Definition 5. LetfL211and the setsDn,D˜nand the Fourier coefficientsfs,sDnD˜n, of thefbe given. Applying Algorithm 1, we get parametersλk,kDn. The accelerating the convergence of truncated Fourier series


we define by formula (17).

Remark 5. There are no Fourier coefficientsfr,rD˜minformula (17). These coefficients are used in AlgorithmAto an optimal choice of parametersλk,kDm.


3. An numerical algorithm for Fourier transform

Consider the Fourier transform F of a function fL2 the form


3.1 Algorithm construction scheme

The method of the item 2 can be applied by linear change of variable to function f defined on any finite segment. For a fixed h>0formula (21) can be rewritten as


On the other hand, our method allows one to approximate function ffrTr on each segment khk+h,k, using Algorithm A and formula (17).

Our idea is as follows. First, based on the required 1 error, you can leave a fnite number of intervals. Second, on the remaining intervals, the integrals are calculated explicitly. Really, each function Trx is a linear combination of functions of the form expiπλ1x or its derivative with respect to λ of a certain order. For example, if k=0, then for functions expiπλ1x, we have (see (12), here k=0)


On the complex plane sC, this is an entire function of exponential type. It is easy to see that this is true in the general case.

Remark 6. Depending on functionfinformula (21), intervalcan be split into a finite number of unequal intervals instead of partition(22).

Let us turn to the main details of the algorithm for such a numerical implementation of the Fourier transform for a piecewise smooth function f.

3.2 Implementation notes

To make our approach understandable to a wide range of specialists, when developing an applied algorithm, we will assume that (see formulas (7–19)) for a fixed n1,Dn=01n1,D˜n=nn+11.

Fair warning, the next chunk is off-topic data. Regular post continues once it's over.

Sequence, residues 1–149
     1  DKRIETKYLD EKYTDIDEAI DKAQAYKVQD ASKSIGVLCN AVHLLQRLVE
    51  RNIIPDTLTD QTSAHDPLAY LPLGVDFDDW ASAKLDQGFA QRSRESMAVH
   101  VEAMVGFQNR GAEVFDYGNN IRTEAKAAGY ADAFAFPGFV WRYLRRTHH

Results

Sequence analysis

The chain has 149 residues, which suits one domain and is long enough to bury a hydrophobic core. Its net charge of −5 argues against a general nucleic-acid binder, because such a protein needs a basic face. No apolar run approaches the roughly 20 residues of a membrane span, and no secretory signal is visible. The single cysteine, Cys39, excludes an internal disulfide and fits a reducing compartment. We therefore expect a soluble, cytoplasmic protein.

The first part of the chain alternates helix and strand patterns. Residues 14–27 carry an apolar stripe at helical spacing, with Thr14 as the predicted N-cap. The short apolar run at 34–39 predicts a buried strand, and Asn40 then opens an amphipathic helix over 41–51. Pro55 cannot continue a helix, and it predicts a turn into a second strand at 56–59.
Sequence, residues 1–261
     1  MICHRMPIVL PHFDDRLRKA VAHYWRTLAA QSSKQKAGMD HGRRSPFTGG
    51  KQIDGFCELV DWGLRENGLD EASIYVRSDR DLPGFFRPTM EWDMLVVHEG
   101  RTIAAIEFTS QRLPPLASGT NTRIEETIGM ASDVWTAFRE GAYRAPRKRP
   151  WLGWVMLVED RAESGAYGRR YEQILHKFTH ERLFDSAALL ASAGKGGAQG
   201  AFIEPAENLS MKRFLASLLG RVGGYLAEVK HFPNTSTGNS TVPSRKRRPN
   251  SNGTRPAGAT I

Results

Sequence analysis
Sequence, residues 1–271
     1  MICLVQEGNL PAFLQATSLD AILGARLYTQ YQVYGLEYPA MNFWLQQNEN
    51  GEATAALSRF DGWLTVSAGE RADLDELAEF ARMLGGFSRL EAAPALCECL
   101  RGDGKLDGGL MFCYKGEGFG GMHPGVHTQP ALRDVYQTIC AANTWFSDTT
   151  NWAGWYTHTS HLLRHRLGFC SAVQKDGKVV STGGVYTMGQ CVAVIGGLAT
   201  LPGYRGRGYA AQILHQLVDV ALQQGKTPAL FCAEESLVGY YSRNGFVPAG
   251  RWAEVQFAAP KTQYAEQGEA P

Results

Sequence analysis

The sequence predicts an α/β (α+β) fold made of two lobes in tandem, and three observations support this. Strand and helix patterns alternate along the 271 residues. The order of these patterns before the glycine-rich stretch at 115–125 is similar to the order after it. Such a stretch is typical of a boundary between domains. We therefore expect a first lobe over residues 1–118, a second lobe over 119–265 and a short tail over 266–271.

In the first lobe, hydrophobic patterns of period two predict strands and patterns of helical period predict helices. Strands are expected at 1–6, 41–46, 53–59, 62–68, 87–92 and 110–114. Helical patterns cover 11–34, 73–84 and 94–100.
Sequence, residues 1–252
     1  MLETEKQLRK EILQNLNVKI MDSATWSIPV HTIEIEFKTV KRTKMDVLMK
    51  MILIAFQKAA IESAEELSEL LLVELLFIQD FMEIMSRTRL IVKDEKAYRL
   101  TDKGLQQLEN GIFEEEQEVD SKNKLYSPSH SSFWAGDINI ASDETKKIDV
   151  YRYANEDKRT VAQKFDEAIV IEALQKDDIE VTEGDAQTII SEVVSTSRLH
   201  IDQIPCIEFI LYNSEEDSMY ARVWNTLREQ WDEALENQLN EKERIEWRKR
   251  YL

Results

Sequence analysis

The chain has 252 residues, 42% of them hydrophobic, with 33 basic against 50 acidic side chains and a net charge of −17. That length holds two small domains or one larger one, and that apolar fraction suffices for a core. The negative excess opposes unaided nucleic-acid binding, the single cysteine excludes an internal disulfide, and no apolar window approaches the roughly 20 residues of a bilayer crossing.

Consider now the following when writing code to implement the one-dimensional Fourier transform.

  1. The computer used must be installed with programs that can perform symbolic mathematical operations as well as numerical integration (for example, as system Wolfram Mathematica, see [19]). It is desirable to use the highest possible accuracy of calculations.

  2. The singularities of piecewise-smooth function f (discontinuity points of the function and the discontinuity of the derivatives of low order) must be included in the partition of interval (see Remark 6).

  3. The computer errs or freezes most often due to type 0/0 uncertainty. The point is that in practice, due to rounding errors, when the parameters coincide, they are often not fixed (see formula (15)). This must be taken into account also in the presence of integer parameters (see item 2.2).

For example, let in the process of computer operation at the output of Algorithm A we have λ1=1.00012,λ2=1.00031. At this point, so that the calculations do not stop, it is necessary to make following correction in the code: λ1=λ2=1. Of course, here we mean the permissible error 103 when computer precision is 105 (see above item 1).

  1. During the operation of the proposed algorithm for Fourier transform, L2- error can be monitored every time the adaptive algorithm is applied. In practice, it has the same order as the L2-error for the Fourier transform.

3.3 A simple example

Let us explain the details on the following example of an approximate finding of the Fourier transform (see notation (21)).


Our goal is to provide a final value of a L2 - error that does not exceed 102. With the help of numerical integration (in this case, explicitly), one can make sure that


and when deleting these semi-infinite intervals, further actions should lead to an error no greater than 5.99×103.

On the other hand, we see that function f is infinitely differentiable everywhere except the point x=1/3, where its derivative has a jump. Therefore (see item 2), we can consider the following partition into two intervals: I1=21/3,I2=1/33/2. Method of item 3.1 at n=3 was applied to each of these intervals.